Actor James Gandolfini, who rocketed to stardom with his Emmy-winning portrayal of a New Jersey mob boss on HBO's hit drama "The Sopranos," died Wednesday of an apparent heart attack while vacationing in Italy. He was 51.
"It is with immense sorrow that we report our client, James Gandolfini, passed away today while on holiday in Rome, Italy," according to a joint statement from his Santa Monica-based managers, Mark Armstrong and Nancy Sanders. "Our hearts are shattered and we will miss him deeply. He and his family were part of our family for many years and we are all grieving."
He had been scheduled to appear at a film festival in Sicily later this week.
The New Jersey-born actor began his career on stage before moving to the big screen with appearances in films such as "True Romance," "Mr. Wonderful," "Crimson Tide" and "Get Shorty."
But he became a Hollywood star in 1999 when he was cast as Tony Soprano in "The Sopranos," HBO's groundbreaking hit focused on a mob boss struggling to manage his crime family while keeping his real family intact. The series -- with Gandolfini portraying a violent crime boss at war with his own emotions as
he fought to maintain his marriage and raise two children -- became a cult favorite, continuing its successful run until 2007.
Gandolfini won three Emmy Awards and a Golden Globe for his role. He won three Screen Actors Guild Awards for best actor in a drama, and shared two others for outstanding ensemble cast in a drama.
"We're all in shock and feeling immeasurable sadness at the loss of a beloved member of our family," according to a statement from HBO. "He was a special man, a great talent, but more importantly a gentle and loving person who treated everyone no matter their title or position with equal respect.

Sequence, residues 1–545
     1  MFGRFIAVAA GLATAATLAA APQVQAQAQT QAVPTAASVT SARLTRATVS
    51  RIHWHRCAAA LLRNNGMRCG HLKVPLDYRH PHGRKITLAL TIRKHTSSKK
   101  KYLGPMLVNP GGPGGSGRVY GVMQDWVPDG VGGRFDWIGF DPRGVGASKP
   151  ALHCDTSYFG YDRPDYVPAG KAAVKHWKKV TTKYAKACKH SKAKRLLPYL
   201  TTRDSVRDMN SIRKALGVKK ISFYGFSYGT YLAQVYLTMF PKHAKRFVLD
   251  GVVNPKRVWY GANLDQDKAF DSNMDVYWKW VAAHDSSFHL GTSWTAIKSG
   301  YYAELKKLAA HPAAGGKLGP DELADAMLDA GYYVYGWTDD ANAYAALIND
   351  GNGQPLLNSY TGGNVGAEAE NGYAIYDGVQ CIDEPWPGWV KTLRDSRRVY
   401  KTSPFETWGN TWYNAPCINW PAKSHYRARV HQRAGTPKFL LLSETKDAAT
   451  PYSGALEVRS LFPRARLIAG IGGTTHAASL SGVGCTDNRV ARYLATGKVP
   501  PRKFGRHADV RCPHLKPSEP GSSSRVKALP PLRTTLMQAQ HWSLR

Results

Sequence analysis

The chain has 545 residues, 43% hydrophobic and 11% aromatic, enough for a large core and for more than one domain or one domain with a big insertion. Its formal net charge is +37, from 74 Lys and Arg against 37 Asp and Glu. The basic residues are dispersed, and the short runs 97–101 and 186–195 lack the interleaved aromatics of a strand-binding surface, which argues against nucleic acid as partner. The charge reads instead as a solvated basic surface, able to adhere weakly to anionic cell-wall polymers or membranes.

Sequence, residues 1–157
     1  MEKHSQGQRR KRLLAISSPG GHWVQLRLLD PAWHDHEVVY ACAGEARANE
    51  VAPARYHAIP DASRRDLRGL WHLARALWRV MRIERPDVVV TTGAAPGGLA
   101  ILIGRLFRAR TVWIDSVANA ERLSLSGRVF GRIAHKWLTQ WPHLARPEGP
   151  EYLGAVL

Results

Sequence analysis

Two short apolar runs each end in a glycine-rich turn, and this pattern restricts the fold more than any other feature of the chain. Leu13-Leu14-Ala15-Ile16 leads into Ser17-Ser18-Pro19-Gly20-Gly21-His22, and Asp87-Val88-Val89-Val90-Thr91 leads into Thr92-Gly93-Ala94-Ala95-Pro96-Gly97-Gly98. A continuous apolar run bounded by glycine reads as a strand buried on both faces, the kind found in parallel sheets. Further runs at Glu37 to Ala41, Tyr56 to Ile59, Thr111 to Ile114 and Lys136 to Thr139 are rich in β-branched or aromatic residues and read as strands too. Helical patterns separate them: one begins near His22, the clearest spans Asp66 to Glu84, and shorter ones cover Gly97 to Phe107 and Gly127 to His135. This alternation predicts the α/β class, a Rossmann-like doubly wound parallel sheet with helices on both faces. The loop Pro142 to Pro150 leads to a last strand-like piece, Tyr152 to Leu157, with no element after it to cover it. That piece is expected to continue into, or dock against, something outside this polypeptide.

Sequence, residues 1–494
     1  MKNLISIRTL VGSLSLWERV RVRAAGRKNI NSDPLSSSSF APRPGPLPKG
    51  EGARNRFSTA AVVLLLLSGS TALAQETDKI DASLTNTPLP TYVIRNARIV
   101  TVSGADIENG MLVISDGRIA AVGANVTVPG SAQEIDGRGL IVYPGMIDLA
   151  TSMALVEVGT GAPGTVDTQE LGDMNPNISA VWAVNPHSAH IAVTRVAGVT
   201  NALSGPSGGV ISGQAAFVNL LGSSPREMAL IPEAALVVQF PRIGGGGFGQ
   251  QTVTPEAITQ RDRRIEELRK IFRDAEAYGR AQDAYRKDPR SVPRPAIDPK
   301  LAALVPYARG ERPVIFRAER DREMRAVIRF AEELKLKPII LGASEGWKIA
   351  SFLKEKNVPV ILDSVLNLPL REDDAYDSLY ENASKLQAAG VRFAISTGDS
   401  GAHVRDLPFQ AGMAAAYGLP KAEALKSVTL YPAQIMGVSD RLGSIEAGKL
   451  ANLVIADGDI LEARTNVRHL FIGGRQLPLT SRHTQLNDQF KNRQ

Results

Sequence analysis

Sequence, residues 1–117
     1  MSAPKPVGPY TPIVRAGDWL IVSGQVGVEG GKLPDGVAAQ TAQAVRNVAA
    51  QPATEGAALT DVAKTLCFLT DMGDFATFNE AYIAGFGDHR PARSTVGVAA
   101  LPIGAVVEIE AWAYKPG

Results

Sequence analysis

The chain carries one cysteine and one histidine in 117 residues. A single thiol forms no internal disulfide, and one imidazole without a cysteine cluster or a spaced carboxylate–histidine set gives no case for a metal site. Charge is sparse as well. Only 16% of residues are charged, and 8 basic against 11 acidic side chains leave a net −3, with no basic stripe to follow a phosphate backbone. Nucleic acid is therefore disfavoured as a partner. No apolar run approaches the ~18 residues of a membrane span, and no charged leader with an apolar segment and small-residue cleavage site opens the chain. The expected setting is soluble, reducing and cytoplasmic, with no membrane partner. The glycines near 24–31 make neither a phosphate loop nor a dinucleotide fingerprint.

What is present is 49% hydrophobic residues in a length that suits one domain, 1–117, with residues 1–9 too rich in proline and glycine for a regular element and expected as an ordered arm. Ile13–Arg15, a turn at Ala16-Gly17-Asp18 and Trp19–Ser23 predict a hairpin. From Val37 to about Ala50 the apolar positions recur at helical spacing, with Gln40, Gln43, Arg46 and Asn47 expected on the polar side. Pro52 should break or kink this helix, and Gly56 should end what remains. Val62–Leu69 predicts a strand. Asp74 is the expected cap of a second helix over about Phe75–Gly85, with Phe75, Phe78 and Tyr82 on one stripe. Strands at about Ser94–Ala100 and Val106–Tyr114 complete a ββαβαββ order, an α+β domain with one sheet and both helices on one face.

"He touched so many of us over the years with his humor, his warmth and his humility. Our hearts go out to his wife and children during this terrible time. He will be deeply missed by all of us."
David Chase, creator of "The Sopranos," called Gandolfini a "genius."
"Anyone who saw him even in the smallest of his performances knows that," Chase said. "He is one of the greatest actors of this or any time. A great deal of that genius resided in those sad eyes. I remember telling him many times, 'You don't get it. You're like Mozart.' There would be silence at the other end of the phone.
"... He wasn't easy sometimes. But he was my partner, he was my brother in ways I can't explain and never will be able to explain."
When "The Sopranos" ended its run, Gandolfini went on to appear in more films, including "The Taking of Pelham 1 2 3," "Killing Them Softly," "In the Loop" and "Not Fade Away." He most recently appeared as director of the CIA in the Oscar-nominated "Zero Dark Thirty," and was seen in this year's comedy, "The Incredible Burt Wonderstone."
Steve Carell, who starred in "Burt Wonderstone," wrote on his Twitter page, "Unbelievably sad news. A fine man."
The SAG-AFTRA actors' union issued a statement calling Gandolfini "an extremely talented actor who was greatly admired by his peers. Despite his tough-guy persona on screen, he had a heart of gold and was an admirable human being who never stopped giving back to the community."
Gandolfini is survived by his wife, Deborah Lin, whom he married in 2008 and with whom he has an 8-month-old daughter, Liliana. He had a son, Michael, with his first wife, Marcy Wudarski.